This series has a lot of layers to it as it explores the main trio, touches on their parents involvement (and shame) and the actions that they all take which leads to a beautifully done sequence of destruction, an escape attempt and a slow fall into slumber for awhile that empties their souls until they potentially find a way to move forward. While you would expect based on the title and just the few snippets that were originally out there that we’d see something about the flowers causing evil in people or some such, what we get is a haunting and insightful look at what these kids are going through, things that so many kids and many adults can identify with, and to feel it ring so true that it can cause some anguish in your own life. So many shows are superficial and simply fun or enjoyable, but few really make you think, engage and deconstruct some of your own choices in your life and past like this one does. Watching as these three kids go through this, trying to understand each of them and what they’re feeling, is disturbingly beautiful.

The show does some nice little nods that I also got into just from a design perspective. Since I watch so many shows, I do like ones that change things up a little bit and Flowers of Evil does just that. The opening credits changes slowly across the whole season but in design, subtly, and in color, also subtly. With it being largely static in a way, these little changes as events move forward are fun and nice to see with what it presents. Similar, I really liked the ending piece in each episode where as it moved on, the black screen with the preview narration for the next episode would feature one of the flowers appearing from the darkness. Each episode adds one more to it so that by the twelfth episode, you’d have twelve of them taking up a lot of real estate and looking positively creepy. It’s a small thing, but you come to appreciate these kinds of things along the way.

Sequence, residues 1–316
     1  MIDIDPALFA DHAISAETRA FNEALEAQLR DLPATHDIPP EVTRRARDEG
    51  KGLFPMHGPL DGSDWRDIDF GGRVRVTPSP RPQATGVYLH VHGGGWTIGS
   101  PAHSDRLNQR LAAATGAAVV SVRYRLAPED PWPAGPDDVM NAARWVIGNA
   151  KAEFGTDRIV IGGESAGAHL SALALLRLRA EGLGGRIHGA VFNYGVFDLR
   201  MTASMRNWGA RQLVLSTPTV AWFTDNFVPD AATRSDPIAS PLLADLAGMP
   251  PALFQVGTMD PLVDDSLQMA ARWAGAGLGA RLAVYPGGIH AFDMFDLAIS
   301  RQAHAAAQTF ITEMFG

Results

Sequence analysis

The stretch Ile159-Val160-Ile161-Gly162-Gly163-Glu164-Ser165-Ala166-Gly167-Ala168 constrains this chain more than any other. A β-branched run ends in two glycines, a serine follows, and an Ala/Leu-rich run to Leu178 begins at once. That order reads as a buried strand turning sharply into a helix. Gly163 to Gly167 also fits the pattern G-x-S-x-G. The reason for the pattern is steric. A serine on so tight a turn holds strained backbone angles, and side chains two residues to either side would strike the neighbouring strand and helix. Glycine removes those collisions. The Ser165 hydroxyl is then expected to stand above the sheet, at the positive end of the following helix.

In Summary:
I had no idea what to expect with this series overall as I didn’t watch the simulcast and avoided a lot of chatter about it because I simply wanted to experience it. And what an experience it is. This thirteen episode series, an opening arc really of a larger story apparently, stands very well on its own as a deconstruction of what certain kinds of middle school kids are like and the struggles they face within themselves. The seeds of evil are certainly within them and seeing it blossom slowly here is saddening but hugely engaging to watch. While there are “outs” that you can see along the way, especially if you’re outside of the social culture that exists within it, it may be a bit frustrating from that regard. But when you look at what it wants to explore, how it does it and how it draws the pain to the surface to be dealt with, you can look past that. A series like this is one that really needed to be produced the way it was. I can’t imagine it having half the impact if it was animated like most other shows, no matter how high quality the designs and animation. This has more life to it, more meaning to it, than pretty much the majority of shows out there because of the acting, the story and the presentation. This is definitely the kind of work that can start some seriously great if difficult conversations and is worth exploring, even if only for yourself.

Features:
Japanese DTS-HD MA 2.0 Language, English Subtitles

Content Grade: A+
Audio Grade: B+
Video Grade: A-
Packaging Grade: B+
Menu Grade: B+
Extras Grade: N/A

Released By: Sentai Filmworks
Release Date: July 8th, 2014
MSRP: $59.98
Running Time: 325 Minutes
Video Encoding: 1080p AVC
Aspect Ratio: 1.78:1 Widescreen

Review Equipment:
Sony KDL70R550A 70″ LED 1080P HDTV, Sony PlayStation3 Blu-ray player via HDMI set to 1080p, Onkyo TX-SR605 Receiver and Panasonic SB-TP20S Multi-Channel Speaker System With 100-Watt Subwoofer.

Liked it? Take a second to support the site on Patreon!